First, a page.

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City Formally Notifies Cal Water of Decision Not To Acquire

The City of Visalia has formally notified California Water Service Company (Cal Water), after first informally notifying the company on December 15, 2015, that the City has decided to not pursue an acquisition of the Visalia District Water System at this time.

The Council has outlined a list of concerns and issues to address with Cal Water. Some of these issues include the proposed 29% increase, and the fact that Cal Water’s conservation program has not met the state mandate for water conservation, which could lead to $10,000 in fines per day, most likely passed down to Visalia ratepayers. The Council wants to see how the company will address these, and other concerns, in the future.

In November of 2015, the City forwarded a notice of decision to appraise the Visalia District Water System, property owned by Cal Water. Cal Water responded to the City’s decision to appraise the Visalia District by requesting that the Council not consider acquiring the system and instead allow the company to focus on efforts to comply with drought-related conservation efforts.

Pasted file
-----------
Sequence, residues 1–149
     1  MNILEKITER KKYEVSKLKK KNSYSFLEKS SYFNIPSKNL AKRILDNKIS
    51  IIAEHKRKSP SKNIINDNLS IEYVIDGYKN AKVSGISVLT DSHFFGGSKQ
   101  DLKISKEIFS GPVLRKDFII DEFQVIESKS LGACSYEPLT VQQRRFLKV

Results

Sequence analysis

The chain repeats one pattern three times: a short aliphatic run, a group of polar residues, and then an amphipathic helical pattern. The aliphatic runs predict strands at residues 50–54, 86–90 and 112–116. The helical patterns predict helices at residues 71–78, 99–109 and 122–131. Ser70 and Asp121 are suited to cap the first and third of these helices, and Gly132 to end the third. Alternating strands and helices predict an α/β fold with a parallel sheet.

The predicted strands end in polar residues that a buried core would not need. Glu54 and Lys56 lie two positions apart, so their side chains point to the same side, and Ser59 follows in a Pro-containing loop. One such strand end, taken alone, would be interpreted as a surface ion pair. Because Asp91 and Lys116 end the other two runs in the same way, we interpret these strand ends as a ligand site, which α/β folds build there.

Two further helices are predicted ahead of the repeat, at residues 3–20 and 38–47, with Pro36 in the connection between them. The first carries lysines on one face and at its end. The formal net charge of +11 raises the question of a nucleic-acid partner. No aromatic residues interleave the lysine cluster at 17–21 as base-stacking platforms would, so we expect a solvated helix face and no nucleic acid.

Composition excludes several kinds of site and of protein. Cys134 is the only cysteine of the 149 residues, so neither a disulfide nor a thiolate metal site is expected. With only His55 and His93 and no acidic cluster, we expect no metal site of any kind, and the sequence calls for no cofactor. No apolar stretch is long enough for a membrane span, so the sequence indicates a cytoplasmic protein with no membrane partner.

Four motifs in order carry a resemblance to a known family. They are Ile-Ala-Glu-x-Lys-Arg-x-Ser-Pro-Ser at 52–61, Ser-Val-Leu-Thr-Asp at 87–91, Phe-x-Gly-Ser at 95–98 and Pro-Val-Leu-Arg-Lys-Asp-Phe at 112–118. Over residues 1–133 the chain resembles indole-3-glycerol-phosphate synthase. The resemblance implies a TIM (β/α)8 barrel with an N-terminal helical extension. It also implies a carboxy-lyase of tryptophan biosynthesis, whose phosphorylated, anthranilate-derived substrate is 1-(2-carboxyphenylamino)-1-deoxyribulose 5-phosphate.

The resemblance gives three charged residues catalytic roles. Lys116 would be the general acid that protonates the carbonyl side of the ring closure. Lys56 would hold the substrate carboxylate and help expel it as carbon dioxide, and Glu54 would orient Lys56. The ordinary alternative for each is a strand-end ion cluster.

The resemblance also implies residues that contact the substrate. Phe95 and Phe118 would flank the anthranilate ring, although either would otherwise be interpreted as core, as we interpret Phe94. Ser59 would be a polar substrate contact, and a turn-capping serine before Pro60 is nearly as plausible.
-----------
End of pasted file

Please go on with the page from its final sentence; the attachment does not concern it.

On December 15, 2015, within weeks of receiving Cal Water’s request, the Council agreed and reaffirmed its willingness to work cooperatively with the company.

“We’ve been seriously concerned with many issues, among them conservation and rate hikes,” says Steve Nelsen, City of Visalia Mayor. “It was necessary to move forward with the appraisal, which came at a one-time cost of $66,185.00. When you’re looking at Cal Water requesting rate increases that will pull an additional $2.3 million out of Visalia every year and send it to San Jose, it was a necessary step to see where we stand.”

Despite Cal Water mailers and web posts touting a “government takeover”, today’s formal legal notice confirms the Visalia City Council’s commitment to not consider acquiring the system at this time.

Visalia did meet the state-mandated water conservation levels for November, thanks to citizen conservation and help from rainfall. However, it was the first and only time this past year Cal Water reached the state mandate, which was enacted in April of 2015.

The latest conservation numbers show a 27.8% reduction for the month of December, below the mandated 32%.

The City looks forward to Cal Water developing and implementing a water conservation plan that demonstrably meets state water use reduction mandates on an on-going basis.

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